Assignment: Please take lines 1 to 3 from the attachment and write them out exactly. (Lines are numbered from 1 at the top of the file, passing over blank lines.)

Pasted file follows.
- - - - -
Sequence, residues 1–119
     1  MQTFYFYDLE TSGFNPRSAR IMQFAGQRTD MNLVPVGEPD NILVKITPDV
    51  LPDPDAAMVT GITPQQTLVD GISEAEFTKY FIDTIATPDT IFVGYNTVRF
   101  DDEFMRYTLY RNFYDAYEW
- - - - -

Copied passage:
Sequence, residues 1–119
     1  MQTFYFYDLE TSGFNPRSAR IMQFAGQRTD MNLVPVGEPD NILVKITPDV
    51  LPDPDAAMVT GITPQQTLVD GISEAEFTKY FIDTIATPDT IFVGYNTVRF